Metro is grappling with a revenue shortfall that could be as much as $100 million over the next few years. This is forcing the agency to cut service at a time when demand is increasing. We will have to cut service in the short run, at a time when demand for service is up by doubledigits. This will be very painful. Fortunately, Metro found about $100 million in capital money that exceeds the amount needed to purchase new equipment in the near future, and will be able to stave off cuts in 2009 and 2010, but once the one-time money runs out we’ll be in trouble. The Municipal League of King County recently reported that Metro’s expenses are 22-48% beyond the national average. If Metro had a cost basis equal to an average transit system in the U.S. we would be adding service, not subtracting it. Getting Metro’s finances in order will be my first area of focus.

Balancing efficiency and equity in our transit system
Transit in King County is provided by two agencies: Metro, which almost exclusively provides operational bus service, and Sound Transit which operates an array of transit services throughout Puget Sound and is also busily building and constructing new facilities. Rather than locking in on a quota for one city or another, we need to look at where people are coming from and where they’re going and plan routes accordingly. Metro is the agency King County is responsible for managing. The agency, unfortunately, faces enormous challenges with revenue and service distribution. Part of that effort requires us to take a fresh look how we distribute service, especially if we’re looking at reducing services and where. Today, new service distribution is dictated by a 40-4020 split between the South End, Eastside and Seattle respectively. Existing service is heavily concentrated in Seattle, the area of the most density and where the service can be operated most efficiently. Suburban residents are demanding “their fair share” of service, resulting in the distribution formula above, a somewhat blunt instrument. Is a new formula the answer? Maybe, maybe not. Given that the majority of existing service (60+%) serves Seattle, it’s hard to imagine a policy formula that would not result in downtown taking the majority of the short-term cuts in service. We must be careful in doing this – balancing the cost of service, equity in distribution of service, and demand/ridership in making the decision. This can’t be done with blunt instruments. While we can be much smarter about how we provide service in lower-density suburbs, if we eliminate the equity or “fair-share” aspects of our system, we lose voter support in the areas Metro relies on for 60 percent of its revenue.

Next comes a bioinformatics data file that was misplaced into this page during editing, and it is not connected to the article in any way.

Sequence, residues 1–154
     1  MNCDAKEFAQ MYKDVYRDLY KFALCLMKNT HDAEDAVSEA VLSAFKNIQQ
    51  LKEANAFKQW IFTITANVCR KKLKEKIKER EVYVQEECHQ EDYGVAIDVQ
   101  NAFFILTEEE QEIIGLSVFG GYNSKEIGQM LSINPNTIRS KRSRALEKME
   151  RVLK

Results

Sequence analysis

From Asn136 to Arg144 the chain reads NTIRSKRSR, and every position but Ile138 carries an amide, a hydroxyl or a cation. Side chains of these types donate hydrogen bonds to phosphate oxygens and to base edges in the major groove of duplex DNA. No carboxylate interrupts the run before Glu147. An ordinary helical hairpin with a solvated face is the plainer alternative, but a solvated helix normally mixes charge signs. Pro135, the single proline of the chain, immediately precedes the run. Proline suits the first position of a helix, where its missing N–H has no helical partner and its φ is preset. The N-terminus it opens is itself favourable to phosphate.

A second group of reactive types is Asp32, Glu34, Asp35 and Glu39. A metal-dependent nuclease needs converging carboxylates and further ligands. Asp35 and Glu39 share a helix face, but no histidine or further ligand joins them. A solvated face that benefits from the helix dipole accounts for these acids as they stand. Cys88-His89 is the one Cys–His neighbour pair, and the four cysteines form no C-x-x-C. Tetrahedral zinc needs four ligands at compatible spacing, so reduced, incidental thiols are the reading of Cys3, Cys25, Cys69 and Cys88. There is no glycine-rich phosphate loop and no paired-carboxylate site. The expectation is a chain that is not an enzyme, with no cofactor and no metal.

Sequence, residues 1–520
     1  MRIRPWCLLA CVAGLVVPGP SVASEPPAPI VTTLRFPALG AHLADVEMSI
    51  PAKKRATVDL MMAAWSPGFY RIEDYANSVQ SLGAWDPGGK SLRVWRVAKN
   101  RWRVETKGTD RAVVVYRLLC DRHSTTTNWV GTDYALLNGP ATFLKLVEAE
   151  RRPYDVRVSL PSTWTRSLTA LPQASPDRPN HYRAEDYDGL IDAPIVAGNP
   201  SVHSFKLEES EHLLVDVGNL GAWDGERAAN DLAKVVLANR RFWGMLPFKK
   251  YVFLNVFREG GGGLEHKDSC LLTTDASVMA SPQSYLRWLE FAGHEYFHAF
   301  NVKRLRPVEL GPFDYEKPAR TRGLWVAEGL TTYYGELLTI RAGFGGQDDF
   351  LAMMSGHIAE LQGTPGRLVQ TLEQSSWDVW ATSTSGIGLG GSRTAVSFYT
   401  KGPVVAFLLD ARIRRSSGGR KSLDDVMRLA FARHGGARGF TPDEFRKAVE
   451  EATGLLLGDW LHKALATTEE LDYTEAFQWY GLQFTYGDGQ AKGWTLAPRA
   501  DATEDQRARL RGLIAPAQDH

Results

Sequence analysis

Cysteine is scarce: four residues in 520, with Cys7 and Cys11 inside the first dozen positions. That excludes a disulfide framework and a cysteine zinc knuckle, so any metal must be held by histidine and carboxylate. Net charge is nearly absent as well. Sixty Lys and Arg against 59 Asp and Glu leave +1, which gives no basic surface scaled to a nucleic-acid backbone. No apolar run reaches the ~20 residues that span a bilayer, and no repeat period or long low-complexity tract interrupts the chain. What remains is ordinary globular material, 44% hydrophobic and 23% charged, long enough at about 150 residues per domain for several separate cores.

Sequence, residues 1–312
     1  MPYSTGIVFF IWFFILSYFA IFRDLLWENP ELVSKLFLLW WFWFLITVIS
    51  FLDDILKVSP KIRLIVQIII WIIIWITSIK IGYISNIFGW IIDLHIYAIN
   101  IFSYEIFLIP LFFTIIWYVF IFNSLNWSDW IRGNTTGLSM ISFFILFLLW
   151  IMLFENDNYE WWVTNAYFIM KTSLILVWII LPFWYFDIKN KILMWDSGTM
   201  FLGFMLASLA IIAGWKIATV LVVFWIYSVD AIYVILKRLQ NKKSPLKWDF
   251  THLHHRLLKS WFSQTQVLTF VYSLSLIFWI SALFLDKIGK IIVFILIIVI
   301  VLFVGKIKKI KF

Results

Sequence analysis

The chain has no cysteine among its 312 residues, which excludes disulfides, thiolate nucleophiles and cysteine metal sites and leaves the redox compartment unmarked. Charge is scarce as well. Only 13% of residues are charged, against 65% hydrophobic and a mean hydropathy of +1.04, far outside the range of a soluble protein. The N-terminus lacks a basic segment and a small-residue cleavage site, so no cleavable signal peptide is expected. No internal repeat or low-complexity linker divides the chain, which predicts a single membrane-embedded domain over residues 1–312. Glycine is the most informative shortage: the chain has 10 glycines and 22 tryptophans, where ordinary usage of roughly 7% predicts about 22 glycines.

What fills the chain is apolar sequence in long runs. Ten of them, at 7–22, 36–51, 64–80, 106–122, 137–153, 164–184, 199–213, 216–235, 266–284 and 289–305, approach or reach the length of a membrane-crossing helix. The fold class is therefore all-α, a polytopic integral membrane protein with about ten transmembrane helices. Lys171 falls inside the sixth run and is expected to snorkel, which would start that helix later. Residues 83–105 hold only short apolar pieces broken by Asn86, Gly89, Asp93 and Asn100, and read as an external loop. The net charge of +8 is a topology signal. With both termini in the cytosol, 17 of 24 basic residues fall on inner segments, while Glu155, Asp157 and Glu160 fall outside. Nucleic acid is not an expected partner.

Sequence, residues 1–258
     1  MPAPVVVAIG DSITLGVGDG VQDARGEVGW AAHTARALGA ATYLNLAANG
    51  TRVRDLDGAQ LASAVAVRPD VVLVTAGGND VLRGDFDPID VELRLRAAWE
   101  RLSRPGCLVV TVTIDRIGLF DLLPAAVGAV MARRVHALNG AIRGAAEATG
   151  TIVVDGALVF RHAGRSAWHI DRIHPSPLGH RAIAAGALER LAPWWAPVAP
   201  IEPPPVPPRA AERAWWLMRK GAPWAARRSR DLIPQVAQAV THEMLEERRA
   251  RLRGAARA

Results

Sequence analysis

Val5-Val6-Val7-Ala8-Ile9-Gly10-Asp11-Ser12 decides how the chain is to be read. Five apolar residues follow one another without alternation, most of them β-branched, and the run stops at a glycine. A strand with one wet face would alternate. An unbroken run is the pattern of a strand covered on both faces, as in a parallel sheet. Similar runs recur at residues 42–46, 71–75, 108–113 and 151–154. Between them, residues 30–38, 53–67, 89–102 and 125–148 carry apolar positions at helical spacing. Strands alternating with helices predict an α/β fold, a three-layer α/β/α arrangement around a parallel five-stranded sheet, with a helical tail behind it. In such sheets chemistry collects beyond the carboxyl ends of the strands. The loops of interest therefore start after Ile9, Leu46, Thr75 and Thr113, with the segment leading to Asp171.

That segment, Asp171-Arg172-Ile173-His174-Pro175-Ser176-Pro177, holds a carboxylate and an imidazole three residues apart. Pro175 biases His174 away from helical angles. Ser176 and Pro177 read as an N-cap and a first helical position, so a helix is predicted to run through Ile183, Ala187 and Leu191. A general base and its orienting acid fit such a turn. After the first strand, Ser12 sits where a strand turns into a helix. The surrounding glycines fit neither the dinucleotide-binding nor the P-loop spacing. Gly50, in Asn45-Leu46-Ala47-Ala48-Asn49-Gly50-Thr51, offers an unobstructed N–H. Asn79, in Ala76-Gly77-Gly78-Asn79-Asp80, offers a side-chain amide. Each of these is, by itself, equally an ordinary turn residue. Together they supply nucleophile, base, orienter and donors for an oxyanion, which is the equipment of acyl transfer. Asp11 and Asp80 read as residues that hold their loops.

We should re-think how we do this distribution. A new formula would focus on where people live and where they work, and try to allocate service in ways that is fair to taxpayers, but also use the ability to provide service efficiently as an element. The end solution will have to be acceptable to the entire County Council, and as such will be a balance of political and practical concerns. We can be smarter about route selection, save money, and provide better service in the long run. As the next Executive I will bring together the stakeholders and propose a new, smarter, more equitable formula. As the region grows we will need to add more service, not squabble over how cuts will be done. Some can be done with prioritization – we should focus our efforts and be really good at providing efficient, effective bus service, and get out of providing expensive foot ferries, a distraction at best. Efficiency isn’t just about bus service, but administration too. I will focus on reducing overhead costs in both Sound Transit and Metro, and will consider selective merging of the agencies to reduce overhead while retaining control of route distribution in King County. There is no reason to have two groups of staffers planning routes and schedules, two web sites, two personnel departments, etc. Less overhead, more coordination, more service.

One region, one chance to build corridors that get us moving
If we’re serious about building an effective regional transportation system, our county must play an active leadership role in the planning, upgrading and constructing of major freeway projects. Finishing the new 520 bridge sooner than later is critical. It’s important to be thoughtful in how we plan and construct highway projects, but we cannot afford to let mitigation issues on the west side of the bridge delay the project indefinitely nor can we, as a region, allow those mitigation efforts to derail our ability to pay for other critical projects. For example, as we get closer to tearing down the Alaskan Way Viaduct, we need to create more capacity on I-5, particularly more transit capacity.
Projects to improve traffic flow along our major corridors matter more to [voters] than earmarked projects in a specific neighborhood or legislative district.

We need to begin anticipating the tolling impacts on 520 and how we manage and mitigate the resulting increases in traffic on I-405 and I-90. While every elected official at every level of office wants to make their constituents happy, we as a region must be clear on what we are or aren’t going to pay for. When the Legislature approved the Nickel Gas Tax and 9.5-cent gas tax packages, we learned that projects to improve traffic flow along our major corridors matter more to voters than earmarked projects in a specific neighborhood or legislative district. This will be true for transit as well.